The Basic Differences Between C


The Basic Differences Between C and Visual Basic

One of the most frequent questions asked by programmers considering a move from Visual Basic to C

A tutorial on the fundamental differences between C++ and Visual Basic programming, including a description of basic code elements.

Visual Basic is a component-based programming language, whereas C++ is an object-oriented language. Visual Basic is used to create programs that are primarily GUI-based; it uses a graphical interface to access databases and to perform various tasks.

Visual Basic has tools such as:

Integrated Development Environment (IDE);

Data Access Object (DAO), Active Data Object (ADO), and Remote Data Object (RDO) libraries for data access;

ActiveX Data Objects (ADO) for database access;

Data View Windows for easy database creation and modification;

The Microsoft Foundation Classes Library (MFC) provides basic functions for creating applications;

The Component Object Model (COM).

There are several different kinds of the programming language. Some of them are C, C++, Python, Swift, Visual Basic and so on. The main difference between C and Visual Basic is that Visual Basic is a user-friendly programming language while C is not. Besides that, there are also many other differences between them.

C:

It is a structured, procedural and general-purpose computer programming language developed by Dennis Ritchie in 1972. It was originally designed for implementing the operating system Unix but can be used for multiple purposes now.

Visual Basic:

It is a general-purpose programming language which was developed by Microsoft in 1991. It is an event-driven language which supports object-oriented programming (OOP). It allows code to be reused through inheritance and encapsulation which enables fast application development (RAD).

When you begin to learn programming, you should begin with a simple language, such as BASIC. The reason for this is that the simpler programming languages are easier to learn. Basic is one of these simpler languages.

There are probably more programmers who learned their craft using basic than any other language, and more people still use it today than any other language. Although the newer languages have more features and can do things that basic cannot do, basic is still very easy to use and powerful enough to be used for many commercial applications.

The C programming language is a computer programming language that was developed to do system programming for the operating system UNIX and is an imperative programming language. C was developed in the early 1970s by Ken Thompson and Dennis Ritchie at Bell Labs. It is a procedural language, which means that people can write their programs as a series of step-by-step instructions. C is one of thousands of programming languages currently in use. C has been standardized by the American National Standards Institute (ANSI).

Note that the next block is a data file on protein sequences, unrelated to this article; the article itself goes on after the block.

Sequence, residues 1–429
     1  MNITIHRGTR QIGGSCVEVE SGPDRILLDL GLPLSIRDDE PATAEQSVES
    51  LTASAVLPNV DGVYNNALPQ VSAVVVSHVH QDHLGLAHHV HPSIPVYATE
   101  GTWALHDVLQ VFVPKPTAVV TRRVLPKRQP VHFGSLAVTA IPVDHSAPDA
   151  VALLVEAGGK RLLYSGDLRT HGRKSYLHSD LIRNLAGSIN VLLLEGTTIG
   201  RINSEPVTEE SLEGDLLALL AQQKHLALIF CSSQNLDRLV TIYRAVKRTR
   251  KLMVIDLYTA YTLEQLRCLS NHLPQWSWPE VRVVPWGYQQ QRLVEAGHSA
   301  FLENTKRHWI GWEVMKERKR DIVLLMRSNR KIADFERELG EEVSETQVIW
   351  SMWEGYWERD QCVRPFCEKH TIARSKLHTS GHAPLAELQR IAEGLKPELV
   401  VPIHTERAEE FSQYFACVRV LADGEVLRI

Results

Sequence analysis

Visual Basic is a third-generation event-driven programming language from Microsoft known for its Component Object Model programming model first released in 1991 and declared legacy during 2008. Microsoft intended Visual Basic to be relatively easy to learn and use. Visual Basic was derived from BASIC and enables the rapid application development (RAD) of graphical user interface (GUI) applications, access to databases using Data Access Objects, Remote Data Objects, or ActiveX Data Objects, and creation of ActiveX controls and objects.

C is a procedural programming language. It was developed in 1972 by Dennis Ritchie for use with the Unix operating system. C is a mid-level language that combines the features of high-level and low-level languages.

Visual Basic is an event-driven language. It was developed in 1991 by Microsoft for use with their new operating system Windows 3.0. Visual Basic is a high-level programming language that combines the features of BASIC and C (a procedural language).

Visual Basic programs are stored as plain text, in the BASIC programming language. They can be created and edited with any text editor, but there are also many dedicated development environments available for creating VB programs. These usually have special tools for editing code, such as automatic syntax highlighting, line numbering and other support for writing code quickly and accurately, including debugging tools and test platforms.

Visual Basic programs can be compiled into native code or run interpreted from MS-DOS or Windows command prompt using the VB interpreter or from Windows Script Host using the WSCRIPT engine; alternatively they may be executed from within MS Visual Studio IDE, or third-party IDEs such as SharpDevelop or MonoDevelop.

Comedy and tragedy are not two different things, but rather two different ways of looking at the same thing. This is why we can laugh at the same event that we cry at. Laughter and tears are separable only in analysis, not in experience.

The same idea applies to programming languages. One way to describe a language is by its features, like whether it’s compiled or interpreted, whether it has classes or not, whether it has strong typing or weak typing. But another way to describe a language is by how much you have to think when you use it. And that’s what I want to talk about now.

I am going to divide programming languages into four groups:

Languages where you have to think about what you’re doing all the time;

Languages where you have to think about what you’re doing some of the time;

Languages where you can get away with not thinking most of the time;

And languages that don’t make you think even on those occasions when you should be thinking.

Visual Basic is an example of the last category.


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